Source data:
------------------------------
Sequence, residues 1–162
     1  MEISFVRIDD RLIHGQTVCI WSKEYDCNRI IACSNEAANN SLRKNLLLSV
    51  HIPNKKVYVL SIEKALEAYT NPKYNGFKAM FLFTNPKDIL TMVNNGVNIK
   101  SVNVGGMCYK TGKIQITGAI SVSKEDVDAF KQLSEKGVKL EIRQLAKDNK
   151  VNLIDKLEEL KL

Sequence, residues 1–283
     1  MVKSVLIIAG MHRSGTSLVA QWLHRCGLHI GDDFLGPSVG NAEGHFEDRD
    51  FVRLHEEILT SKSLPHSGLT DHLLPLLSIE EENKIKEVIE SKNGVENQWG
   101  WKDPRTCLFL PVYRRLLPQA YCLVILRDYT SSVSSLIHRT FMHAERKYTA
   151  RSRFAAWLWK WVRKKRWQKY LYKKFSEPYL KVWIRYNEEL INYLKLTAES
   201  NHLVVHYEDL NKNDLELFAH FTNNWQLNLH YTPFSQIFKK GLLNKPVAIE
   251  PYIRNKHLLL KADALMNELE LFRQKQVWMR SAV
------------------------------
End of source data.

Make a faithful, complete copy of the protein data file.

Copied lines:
Sequence, residues 1–162
     1  MEISFVRIDD RLIHGQTVCI WSKEYDCNRI IACSNEAANN SLRKNLLLSV
    51  HIPNKKVYVL SIEKALEAYT NPKYNGFKAM FLFTNPKDIL TMVNNGVNIK
   101  SVNVGGMCYK TGKIQITGAI SVSKEDVDAF KQLSEKGVKL EIRQLAKDNK
   151  VNLIDKLEEL KL

Sequence, residues 1–283
     1  MVKSVLIIAG MHRSGTSLVA QWLHRCGLHI GDDFLGPSVG NAEGHFEDRD
    51  FVRLHEEILT SKSLPHSGLT DHLLPLLSIE EENKIKEVIE SKNGVENQWG
   101  WKDPRTCLFL PVYRRLLPQA YCLVILRDYT SSVSSLIHRT FMHAERKYTA
   151  RSRFAAWLWK WVRKKRWQKY LYKKFSEPYL KVWIRYNEEL INYLKLTAES
   201  NHLVVHYEDL NKNDLELFAH FTNNWQLNLH YTPFSQIFKK GLLNKPVAIE
   251  PYIRNKHLLL KADALMNELE LFRQKQVWMR SAV